California set ambitious climate goals with bills like SB 350. In Mountain View’s case this means a 37% reduction in GHG, s comparing 2030 levels to 2005 levels. Cities and county governments must translate these goals into climate plans. Mountain View’s ESTF-2 (Environmental Sustainability Task Force) took on this task.
The first ESTF met 10 years ago and assembled a 300+ page report with 82 climate recommendations. ESTF-1 forms the basis of current environmental climate plans in Mountain View.
Times change, and Mountain View needs a new ESTF. Ten months ago,
Mountain View formed ESTF-2 with 30 people. The ESTF-2 recently delivered their report to the City Council. The report is over 300 pages but has only 36 climate recommendations.
What are the categories?
– Buildings and Land Use
– Mobility / Transportation
– Circular Economy
How will we know if we are meeting our climate goals?
To manage something, you need to measure it. The team included numeric goals for GHG and cos wherever possible. At the end the team totaled the GHG savings. Yes, we can meet the goal of the 37% GHG reduction by 2030.
We measure GHG and costs on a yearly basis. This provides feedback in time to act. If we find a cost-effective method to reduce GHGs, we can do more of it. We can change when we are not decreasing GHG levels as needed.
Who was on the ESTF-2 team?
Mountain View has many people who are knowledgeable and active managing climate change. Some are college professors. Others are active in city government. Others are part of advocacy groups and nonprofits.
Steve Attinger is Mountain View’s sustainability leader. Hannah Perkins joined Steve’s group at the start of the ESTF process.
The leader of ESTF-2, Bruce Karney, took on the challenge of leading this group after leading ESTF-1 ten years ago. A complete list of the people who contributed to ESTF-2 is in the full report.
What are the top 12 recommendations?
1. Create a new sustainability office with more staff
2. Revolutionize transportation in Mountain View
3. Adopt a decarbonizing policy for buildings.
4. Manage Mountain View’s emissions budget as carefully as
its financial budget
5. Solve the local solo-trip problem: Pilot discounted pooled ridesharing
6. Adopt a Consumption Based emissions inventory
7. Create financial and non-financial incentives for new above code buildings
8. Implement a residential and business outreach function
9. Update the Green Building Code towards low carbon buildings.
10. Set GHG targets to per capita goals based on the service population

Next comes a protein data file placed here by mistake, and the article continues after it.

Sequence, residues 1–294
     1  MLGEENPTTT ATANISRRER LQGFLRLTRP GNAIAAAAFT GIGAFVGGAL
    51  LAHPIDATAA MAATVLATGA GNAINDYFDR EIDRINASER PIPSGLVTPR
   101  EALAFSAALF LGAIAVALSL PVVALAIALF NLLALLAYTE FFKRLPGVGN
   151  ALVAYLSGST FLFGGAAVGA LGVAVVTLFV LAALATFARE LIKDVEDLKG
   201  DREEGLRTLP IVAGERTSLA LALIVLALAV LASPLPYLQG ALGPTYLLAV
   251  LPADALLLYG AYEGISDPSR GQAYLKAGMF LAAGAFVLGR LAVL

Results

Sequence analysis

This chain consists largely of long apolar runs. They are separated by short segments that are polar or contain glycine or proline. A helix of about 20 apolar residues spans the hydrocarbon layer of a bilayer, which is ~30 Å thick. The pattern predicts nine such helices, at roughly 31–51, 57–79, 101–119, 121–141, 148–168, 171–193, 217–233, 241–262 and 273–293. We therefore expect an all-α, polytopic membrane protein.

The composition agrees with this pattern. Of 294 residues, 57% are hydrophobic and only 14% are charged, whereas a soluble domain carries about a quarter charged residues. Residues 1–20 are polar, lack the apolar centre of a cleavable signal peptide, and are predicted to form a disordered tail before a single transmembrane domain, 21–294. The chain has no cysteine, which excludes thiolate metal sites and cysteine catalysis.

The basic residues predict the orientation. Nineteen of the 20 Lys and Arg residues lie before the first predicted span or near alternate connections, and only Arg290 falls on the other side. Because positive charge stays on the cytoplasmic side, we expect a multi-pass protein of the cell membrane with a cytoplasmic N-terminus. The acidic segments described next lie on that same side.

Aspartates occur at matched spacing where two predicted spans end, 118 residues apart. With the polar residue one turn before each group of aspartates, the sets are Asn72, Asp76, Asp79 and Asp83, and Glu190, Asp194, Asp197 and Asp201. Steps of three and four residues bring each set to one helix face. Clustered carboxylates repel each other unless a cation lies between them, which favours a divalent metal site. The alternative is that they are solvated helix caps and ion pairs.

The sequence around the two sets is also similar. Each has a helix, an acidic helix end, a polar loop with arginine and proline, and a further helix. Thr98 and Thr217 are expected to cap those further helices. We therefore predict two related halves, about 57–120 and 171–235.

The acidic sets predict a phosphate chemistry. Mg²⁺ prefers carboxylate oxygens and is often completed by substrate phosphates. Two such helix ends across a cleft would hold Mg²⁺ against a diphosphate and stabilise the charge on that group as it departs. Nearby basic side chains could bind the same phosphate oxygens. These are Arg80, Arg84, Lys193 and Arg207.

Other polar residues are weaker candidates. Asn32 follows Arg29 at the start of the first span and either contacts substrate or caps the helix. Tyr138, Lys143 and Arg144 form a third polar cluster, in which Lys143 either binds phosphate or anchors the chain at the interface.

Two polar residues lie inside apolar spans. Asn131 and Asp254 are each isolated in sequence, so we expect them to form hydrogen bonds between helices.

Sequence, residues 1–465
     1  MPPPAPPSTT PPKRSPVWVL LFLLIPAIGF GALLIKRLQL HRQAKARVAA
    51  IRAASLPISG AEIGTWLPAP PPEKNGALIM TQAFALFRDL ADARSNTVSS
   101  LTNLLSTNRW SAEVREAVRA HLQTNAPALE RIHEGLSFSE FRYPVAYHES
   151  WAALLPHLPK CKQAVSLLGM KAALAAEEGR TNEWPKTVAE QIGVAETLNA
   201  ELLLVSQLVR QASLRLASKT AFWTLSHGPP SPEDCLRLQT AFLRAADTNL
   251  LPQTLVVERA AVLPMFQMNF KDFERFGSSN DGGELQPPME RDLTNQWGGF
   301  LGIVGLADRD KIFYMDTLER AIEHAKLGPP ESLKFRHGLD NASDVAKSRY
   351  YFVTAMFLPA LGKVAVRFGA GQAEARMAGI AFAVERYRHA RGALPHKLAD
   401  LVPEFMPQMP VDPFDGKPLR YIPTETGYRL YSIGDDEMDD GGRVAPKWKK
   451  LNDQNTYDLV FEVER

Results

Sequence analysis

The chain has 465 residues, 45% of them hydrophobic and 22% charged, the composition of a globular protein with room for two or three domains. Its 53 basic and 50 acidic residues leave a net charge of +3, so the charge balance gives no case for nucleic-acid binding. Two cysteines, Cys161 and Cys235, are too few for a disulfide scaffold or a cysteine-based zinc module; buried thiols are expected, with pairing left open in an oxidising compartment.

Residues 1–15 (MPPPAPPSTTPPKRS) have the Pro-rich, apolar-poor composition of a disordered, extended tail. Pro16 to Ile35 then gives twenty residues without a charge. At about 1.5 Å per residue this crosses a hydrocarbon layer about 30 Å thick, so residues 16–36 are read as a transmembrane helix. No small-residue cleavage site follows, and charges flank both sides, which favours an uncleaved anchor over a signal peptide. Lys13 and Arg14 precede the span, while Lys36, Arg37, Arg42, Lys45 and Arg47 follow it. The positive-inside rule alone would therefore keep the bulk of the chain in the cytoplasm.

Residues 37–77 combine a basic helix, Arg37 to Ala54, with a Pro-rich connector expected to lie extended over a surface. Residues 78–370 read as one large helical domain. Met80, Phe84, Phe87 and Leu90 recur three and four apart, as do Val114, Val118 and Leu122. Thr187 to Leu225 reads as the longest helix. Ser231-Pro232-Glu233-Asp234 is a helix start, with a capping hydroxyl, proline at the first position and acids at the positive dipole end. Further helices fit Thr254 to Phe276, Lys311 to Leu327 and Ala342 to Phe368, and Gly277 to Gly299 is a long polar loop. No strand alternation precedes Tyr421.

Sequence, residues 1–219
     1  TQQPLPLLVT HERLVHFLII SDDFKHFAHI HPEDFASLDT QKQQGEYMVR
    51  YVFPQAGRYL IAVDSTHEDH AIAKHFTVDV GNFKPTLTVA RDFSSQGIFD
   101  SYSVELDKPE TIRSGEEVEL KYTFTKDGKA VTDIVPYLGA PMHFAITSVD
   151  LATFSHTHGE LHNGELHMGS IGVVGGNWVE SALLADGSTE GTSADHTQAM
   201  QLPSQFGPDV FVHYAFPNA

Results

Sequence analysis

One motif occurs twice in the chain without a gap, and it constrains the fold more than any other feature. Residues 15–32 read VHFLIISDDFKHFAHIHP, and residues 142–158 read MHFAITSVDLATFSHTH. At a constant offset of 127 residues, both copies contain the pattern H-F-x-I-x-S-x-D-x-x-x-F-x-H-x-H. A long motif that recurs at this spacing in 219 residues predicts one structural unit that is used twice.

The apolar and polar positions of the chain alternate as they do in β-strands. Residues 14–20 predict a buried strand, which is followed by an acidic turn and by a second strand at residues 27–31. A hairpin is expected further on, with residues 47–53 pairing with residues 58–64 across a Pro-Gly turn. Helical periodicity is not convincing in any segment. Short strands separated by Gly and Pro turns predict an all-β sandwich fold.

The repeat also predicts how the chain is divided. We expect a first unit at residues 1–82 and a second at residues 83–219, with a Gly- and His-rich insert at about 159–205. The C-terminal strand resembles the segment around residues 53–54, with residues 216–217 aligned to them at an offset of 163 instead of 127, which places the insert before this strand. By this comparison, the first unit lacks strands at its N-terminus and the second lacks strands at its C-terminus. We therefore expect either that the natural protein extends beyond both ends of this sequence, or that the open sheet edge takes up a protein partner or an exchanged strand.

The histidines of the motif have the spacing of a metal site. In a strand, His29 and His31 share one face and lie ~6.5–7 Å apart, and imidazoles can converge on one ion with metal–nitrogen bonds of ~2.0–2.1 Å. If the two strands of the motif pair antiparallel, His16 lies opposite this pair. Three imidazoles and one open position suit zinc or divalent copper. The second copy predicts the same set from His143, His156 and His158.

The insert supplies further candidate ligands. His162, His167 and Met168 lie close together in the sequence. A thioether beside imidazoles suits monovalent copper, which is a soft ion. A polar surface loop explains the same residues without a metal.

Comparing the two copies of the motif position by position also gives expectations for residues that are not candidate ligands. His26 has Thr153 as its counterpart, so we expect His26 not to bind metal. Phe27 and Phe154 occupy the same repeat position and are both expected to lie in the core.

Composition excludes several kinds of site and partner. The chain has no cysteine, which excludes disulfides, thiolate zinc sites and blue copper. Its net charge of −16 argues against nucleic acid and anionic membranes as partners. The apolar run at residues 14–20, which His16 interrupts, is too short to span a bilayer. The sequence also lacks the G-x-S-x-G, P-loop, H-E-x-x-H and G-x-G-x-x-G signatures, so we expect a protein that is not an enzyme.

11. Adopt a city-wide ban on single use disposable plastic food ware
12. Solve the local solo-trip problem: Mountain View Shuttle 2.0 and 3.0.
Where can I find the full climate plan?
There is a web page for the climate plan here (1). This page also contains the Executive Summary (2).
What are key features of the ESTF-2 Climate plan?
The ESTF-2 climate plan has measurable recommendations. We can then manage them.
The ESTF2 climate plan has fewer recommendations. We can better see the relationship between recommendations.
ESTF 2 has a section on the circular economy. This includes disposable food ware, and a circular economy GHG inventory. This is a new area. It will increase in importance as we address standard GHG sources like transportation and buildings.
ESTF2 recognizes the need to electrify all energy use. We can consider this now since Silicon Valley Clean Energy provides 100% Carbon Free electricity. This means fully electric buildings and a fully electric transportation system.
ESTF2 talks ab out a revolution in transportation. It is not enough to just electrify our transportation system. We need to move to multi occupancy transportation that people want to use.
We also need better access to personal transportation including walking, biking, scooters, etc. These options must be safe and time efficient.
ESTF-2 has the advantage of more measurement data than was available in 2008. We have measurements for 2005, 2010, and 2015. Recently we received data for 2017. Annual data collecting has begun.
How did we check what we are doing with the public?
First we have had several sessions with citizens as we progressed through the process of working on these recommendations. Second, we conducted a survey of 961 people who were either worked or lived in Mountain View. The survey covered items like commute times and distances, transportation preferences and general demographics. This data helped to decide on the shape of recommendations. It will continue to be used to refine policies.
What are some of the next steps in the process?
Steve Attinger, Mountain View’s sustainability leader, is reviewing these recommendations. He will provide a review in the fall. Some items with high urgency may be funded at that time. The budget cycle for the next year starts in March. That will be the time when more recommendations are added.
Can the public still be part of this process?
Yes. Many of these recommendations will take years to fully implement. The climate advisory group Carbon Free Mountain View (CFMV) helped initiate ESTF-2. Many of the members of CFMV were part of ESTF-2. The plan for ESTF-2 has been submitted. This means it is time to reactivate CFMV to keep the process going. Go to carbonfreemountainview.org
ESTF2 Web Page (1)
Executive Summary (2)